Monday, 18 June 2007
Questions without Notice
Building and Construction Industry
Opposition members interjecting—
My question is addressed to the Minister for Employment and Workplace Relations. Is the minister aware of any reports that examine how reforms to Australia’s building and construction industry are improving productivity? Is the minister aware of any threats to productivity in the building and construction industry?
I thank the member for Hasluck for his question and note that in the electorate of Hasluck in 1996 the unemployment rate was 7.4 per cent. Today it is 3.5 per cent, so it has more than halved, and that is good news for the people of Hasluck. I am aware of a report on the front page of the Australian today. It begins with:
CONSTRUCTION giant John Holland has warned that a multibillion-dollar productivity dividend will be threatened if Labor wins office and winds back the Coalition’s industrial relations reforms.
There is that magic word ‘productivity’, the word that the Leader of the Opposition does not understand—
and the word that the Deputy Leader of the Opposition does not understand either, although you would fail to believe anything the Deputy Leader of the Opposition says because she does not tend to tell the truth on many occasions at all. The report goes on to say:
With some building firms reportedly factoring in “risk-of-Rudd” premiums into future contracts, John Holland also wants Labor to drop plans to scrap the building industry watchdog.
It goes on to say that as evidence of what the Labor Party’s initiatives will do, the John Holland document:
... warns that the reintroduction of previous industrial practices such as payment of non-working union delegates on building sites would be hugely expensive.
Imagine employing someone not to work for the firm but to work for the unions. That is what John Holland is warning against. It says the estimate of the cost of this alone would be $20 million a year—for John Holland to employ union officials on their books who do not have any productivity, even by the definition provided by the Leader of the Opposition. It goes on to say:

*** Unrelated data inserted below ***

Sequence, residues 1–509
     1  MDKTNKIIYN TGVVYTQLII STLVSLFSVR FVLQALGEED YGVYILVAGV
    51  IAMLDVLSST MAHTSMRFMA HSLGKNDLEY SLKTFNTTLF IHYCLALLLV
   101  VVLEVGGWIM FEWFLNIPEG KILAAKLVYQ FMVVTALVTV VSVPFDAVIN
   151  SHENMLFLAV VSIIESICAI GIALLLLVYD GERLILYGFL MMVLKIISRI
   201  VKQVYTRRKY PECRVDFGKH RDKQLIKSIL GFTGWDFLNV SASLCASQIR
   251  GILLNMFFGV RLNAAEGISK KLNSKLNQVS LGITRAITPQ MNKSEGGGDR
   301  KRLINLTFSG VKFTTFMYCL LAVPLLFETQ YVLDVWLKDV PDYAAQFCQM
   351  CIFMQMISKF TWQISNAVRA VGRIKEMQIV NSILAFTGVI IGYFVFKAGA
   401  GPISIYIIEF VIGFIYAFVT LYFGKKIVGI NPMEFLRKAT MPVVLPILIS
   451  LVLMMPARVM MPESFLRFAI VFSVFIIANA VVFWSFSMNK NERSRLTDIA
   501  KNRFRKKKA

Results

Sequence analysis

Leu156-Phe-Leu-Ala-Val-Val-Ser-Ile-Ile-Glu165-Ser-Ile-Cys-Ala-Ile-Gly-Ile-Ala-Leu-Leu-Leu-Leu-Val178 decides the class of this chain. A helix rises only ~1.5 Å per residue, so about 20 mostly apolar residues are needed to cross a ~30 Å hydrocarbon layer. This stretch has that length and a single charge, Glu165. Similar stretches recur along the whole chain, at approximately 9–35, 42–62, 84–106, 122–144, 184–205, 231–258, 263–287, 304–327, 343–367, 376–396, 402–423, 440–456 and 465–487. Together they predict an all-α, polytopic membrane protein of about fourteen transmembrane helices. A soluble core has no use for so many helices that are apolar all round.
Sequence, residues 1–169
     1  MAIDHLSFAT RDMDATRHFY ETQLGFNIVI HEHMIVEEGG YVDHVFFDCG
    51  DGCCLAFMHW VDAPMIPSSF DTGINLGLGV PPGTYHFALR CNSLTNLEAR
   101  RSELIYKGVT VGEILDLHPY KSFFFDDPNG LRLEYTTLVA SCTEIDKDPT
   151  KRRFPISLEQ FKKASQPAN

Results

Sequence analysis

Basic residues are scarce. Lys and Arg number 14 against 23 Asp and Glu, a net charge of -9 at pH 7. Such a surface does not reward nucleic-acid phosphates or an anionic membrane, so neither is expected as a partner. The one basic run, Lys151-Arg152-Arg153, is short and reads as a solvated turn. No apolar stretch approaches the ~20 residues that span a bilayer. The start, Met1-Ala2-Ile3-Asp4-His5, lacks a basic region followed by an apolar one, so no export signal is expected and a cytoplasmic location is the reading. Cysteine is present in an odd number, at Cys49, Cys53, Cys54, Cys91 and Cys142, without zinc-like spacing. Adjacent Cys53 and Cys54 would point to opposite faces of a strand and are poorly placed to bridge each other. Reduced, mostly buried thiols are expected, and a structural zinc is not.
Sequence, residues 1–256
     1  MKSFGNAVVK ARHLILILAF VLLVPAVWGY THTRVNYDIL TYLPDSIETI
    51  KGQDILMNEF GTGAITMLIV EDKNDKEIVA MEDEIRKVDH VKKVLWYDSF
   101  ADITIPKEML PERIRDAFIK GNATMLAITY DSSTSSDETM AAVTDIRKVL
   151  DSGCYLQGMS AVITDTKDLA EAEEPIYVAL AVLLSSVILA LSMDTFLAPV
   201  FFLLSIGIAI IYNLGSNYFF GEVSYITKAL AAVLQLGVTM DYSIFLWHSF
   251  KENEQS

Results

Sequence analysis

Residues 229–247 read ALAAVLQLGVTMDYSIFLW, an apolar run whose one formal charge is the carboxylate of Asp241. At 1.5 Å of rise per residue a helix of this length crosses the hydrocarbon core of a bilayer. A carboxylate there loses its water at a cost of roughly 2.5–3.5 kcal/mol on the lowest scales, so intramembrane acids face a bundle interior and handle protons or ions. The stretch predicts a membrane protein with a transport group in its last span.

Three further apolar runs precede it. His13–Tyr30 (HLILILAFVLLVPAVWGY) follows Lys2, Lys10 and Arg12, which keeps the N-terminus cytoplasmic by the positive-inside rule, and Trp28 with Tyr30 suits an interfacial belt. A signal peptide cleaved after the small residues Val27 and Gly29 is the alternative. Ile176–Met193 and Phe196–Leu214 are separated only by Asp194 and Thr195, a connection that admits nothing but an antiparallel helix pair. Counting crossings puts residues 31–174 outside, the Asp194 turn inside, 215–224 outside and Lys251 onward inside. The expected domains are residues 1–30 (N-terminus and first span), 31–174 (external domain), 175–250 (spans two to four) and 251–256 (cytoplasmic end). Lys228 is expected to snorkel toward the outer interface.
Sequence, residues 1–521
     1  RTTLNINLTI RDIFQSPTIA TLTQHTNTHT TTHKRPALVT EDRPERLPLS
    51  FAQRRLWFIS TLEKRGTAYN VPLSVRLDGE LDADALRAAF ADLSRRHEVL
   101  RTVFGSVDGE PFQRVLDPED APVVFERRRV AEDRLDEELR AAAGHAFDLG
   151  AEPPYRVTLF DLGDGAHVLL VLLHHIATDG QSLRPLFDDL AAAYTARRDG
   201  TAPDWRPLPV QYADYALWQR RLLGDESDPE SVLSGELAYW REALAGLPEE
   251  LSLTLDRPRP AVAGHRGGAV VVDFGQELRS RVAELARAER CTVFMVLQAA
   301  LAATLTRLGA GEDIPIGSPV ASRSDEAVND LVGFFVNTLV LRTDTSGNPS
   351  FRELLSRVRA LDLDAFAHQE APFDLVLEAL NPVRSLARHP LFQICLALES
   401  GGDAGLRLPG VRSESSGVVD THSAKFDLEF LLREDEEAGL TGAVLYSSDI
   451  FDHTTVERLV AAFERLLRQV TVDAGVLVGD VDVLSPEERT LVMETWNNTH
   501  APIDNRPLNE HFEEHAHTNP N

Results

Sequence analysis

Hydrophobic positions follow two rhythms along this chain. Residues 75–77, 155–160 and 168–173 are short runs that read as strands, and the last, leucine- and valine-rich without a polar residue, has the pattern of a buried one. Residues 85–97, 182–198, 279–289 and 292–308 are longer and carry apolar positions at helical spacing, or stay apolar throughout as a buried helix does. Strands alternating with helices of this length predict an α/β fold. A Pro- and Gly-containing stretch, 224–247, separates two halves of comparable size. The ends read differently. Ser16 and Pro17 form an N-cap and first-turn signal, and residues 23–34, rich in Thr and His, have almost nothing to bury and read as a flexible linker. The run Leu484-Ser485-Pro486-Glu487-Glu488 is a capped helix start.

In a strong endorsement of the Government’s 14-month-old workplace blueprint, John Holland says these have already delivered achievements of great significance to the industry, our employees and our clients ...
… … …
“There is every reason to expect at least another 10 ... to 20 per cent improvement in productivity over the next five years,” ...
“The current regulatory framework is therefore an essential plank in the nation’s economic framework,” ...
That is exactly right. It is not Joe Hockey, the member for North Sydney, the member for Bennelong, the member for Higgins or anyone else saying this. It is one of Australia’s largest builders saying explicitly that a return to the bad old days of Labor Party industrial relations policy is not only bad for the construction industry but bad for the Australian economy.
I can tell you that there is one area where productivity is high. I understand that Kevin Reynolds and Joe McDonald, the leaders of the CFMEU in Western Australia, are doorknocking the Pilbara to try and get new members. In an area of Australia that has traditionally a very low union membership, there are Joe McDonald and Kevin Reynolds going around with their backpacks. Lord knows what is in their backpacks. I will not speculate again. With their backpacks—and I am sure there would not be a water bottle inside—there they are travelling around the Pilbara trying to recruit new members for the CFMEU at a time when the building industry and the mining industry are creating and generating enormous wealth for the Australian economy. If you really want to know what the ‘risk-of-Rudd premium’ is, as the building industry calls it, it is about the fact that the Labor Party wants to wind back the clock on industrial relations. That is bad for the workers, and it is bad for the Australian economy.